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20 Hrs. 40 Min. Our Flight in the Friendship - EARHART Amelia - 1928. [1279572]
1928 - EARHART, Amelia. 20 Hrs. 40 Min. Our Flight in the Friendship. The American Girl, First Across the Atlantic by Air, Tells Her Story. New York: G.P. Putnam's Sons, 1928. Octavo, original burgundy cloth, reproduction autograph endpapers, original dust jacket. Housed in a custom clamshell box. $8000.First trade edition presentation copy of Earhart's first book, inscribed and signed by Earhart on the recto of the photographic frontispiece: "To Betsy Greene, Amelia Earhart." With the very scarce original dust jacket. The recipient is believed to be Betty Greene, a member of the Women Airforce Service Pilots (WASPs) during World War II and a founder of the Mission Aviation Fellowship (MAF). Earhart was one of Greene's childhood heroes."In April 1928 Earhart received the telephone call that would change her life: an offer to become the first woman to fly the Atlantic. Earhart's impeccable character and physical resemblance to Charles A. Lindbergh made her an easy choice for the promoters, aviator Richard Byrd, publisher George Putnam, and socialite Amy Phipps Guest, who had originally intended to make the flight". Earhart departed". in a trimotor Fokker with pilots Wilmer 'Bill' Stultz and Louis 'Slim' Gordon". from Trepassy, Newfoundland, at 11:40 a.m. on 17 June". Stultz landed the Fokker on the water at Burry Port, Wales, and Earhart became an immediate sensation. Earhart was astounded by the reception she received. She was feted in London and New York and was given a ticker-tape parade down Broadway with her nearly forgotten fellow pilots. On the postflight tour around the country". Earhart sensed her opportunity to promote her passions of aviation, feminism, and pacifism" (ANB). In her book, which combines Earhart's flight log entries from the Friendship with recollections of her childhood and the origins and growth of her interest in aviation, Earhart writes: "Possibly the feature of aviation which may appeal most to thoughtful women is its potentiality for peace. The term is not merely an airy phrase. Isolation breeds distrust and differences of outlook. Anything which tends to annihilate distance destroys isolation, and brings the world and its peoples closer together. I think aviation has a chance to increase intimacy, understanding, and far-flung friendships thus." Profusely illustrated with 61 black-and-white photographic plates. With "This is a copy of the first edition" on the copyright page. Preceded in the same year by a signed limited edition. Book very nearly fine, with just a hint of rubbing at spine ends and corners, gilt bright. Very scarce original dust jacket (typically not present) with some chipping and edge-wear and old tape reinforcement to verso, a bit of color added to foot of spine, very good and bright. A very desirable signed presentation copy with historic aviation association. [Attributes: First Edition; Signed Copy; Hard Cover]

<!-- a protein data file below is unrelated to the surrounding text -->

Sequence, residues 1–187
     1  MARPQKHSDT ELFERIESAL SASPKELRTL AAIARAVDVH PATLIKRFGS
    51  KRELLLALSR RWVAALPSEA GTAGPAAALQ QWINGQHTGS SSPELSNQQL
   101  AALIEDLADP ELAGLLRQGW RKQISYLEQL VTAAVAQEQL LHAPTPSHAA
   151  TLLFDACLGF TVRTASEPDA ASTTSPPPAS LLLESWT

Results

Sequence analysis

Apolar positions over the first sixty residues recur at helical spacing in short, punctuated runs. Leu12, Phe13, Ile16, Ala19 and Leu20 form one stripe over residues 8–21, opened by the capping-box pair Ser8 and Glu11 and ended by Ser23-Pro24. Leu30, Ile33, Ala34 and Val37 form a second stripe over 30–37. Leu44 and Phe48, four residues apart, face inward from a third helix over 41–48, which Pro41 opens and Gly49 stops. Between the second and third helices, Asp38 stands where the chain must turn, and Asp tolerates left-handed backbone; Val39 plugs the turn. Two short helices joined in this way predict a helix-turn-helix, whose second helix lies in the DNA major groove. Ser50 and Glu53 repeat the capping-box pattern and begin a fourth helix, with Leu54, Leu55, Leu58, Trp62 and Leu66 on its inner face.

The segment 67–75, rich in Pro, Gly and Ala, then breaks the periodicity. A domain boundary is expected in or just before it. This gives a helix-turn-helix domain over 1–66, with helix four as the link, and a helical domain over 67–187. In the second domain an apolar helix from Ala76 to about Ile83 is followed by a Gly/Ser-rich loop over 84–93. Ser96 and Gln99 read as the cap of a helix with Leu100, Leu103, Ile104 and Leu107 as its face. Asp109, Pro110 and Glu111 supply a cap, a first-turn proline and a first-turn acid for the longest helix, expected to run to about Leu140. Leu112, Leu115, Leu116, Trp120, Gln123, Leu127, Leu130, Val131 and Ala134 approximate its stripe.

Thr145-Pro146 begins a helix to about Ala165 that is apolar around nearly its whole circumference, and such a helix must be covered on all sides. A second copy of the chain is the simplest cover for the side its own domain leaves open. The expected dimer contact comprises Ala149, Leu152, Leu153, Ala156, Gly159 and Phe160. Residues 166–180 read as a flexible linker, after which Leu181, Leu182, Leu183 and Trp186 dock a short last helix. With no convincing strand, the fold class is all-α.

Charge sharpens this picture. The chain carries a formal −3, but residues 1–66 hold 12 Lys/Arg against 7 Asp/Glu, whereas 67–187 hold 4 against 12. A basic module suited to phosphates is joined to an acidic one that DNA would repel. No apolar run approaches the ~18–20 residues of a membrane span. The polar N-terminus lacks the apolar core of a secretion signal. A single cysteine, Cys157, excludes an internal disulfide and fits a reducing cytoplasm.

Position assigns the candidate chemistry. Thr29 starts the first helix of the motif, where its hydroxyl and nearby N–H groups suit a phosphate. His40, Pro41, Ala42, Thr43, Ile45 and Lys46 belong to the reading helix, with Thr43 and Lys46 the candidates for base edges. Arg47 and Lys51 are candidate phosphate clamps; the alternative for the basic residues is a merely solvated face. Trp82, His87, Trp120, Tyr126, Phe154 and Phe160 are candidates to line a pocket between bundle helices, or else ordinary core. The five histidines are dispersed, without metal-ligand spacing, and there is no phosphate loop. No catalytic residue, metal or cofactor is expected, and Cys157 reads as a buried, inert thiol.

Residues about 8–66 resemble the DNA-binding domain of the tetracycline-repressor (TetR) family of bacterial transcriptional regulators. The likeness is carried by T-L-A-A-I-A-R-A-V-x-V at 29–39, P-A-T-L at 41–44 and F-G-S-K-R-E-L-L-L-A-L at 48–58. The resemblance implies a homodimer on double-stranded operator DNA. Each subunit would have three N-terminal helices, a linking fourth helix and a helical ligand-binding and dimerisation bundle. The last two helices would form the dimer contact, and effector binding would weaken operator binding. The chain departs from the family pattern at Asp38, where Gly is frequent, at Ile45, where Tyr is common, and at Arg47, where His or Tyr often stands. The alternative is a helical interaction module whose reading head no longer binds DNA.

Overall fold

[Bookseller: Bauman Rare Books]
Last Found On: 2016-12-01           Check availability:      AbeBooks    

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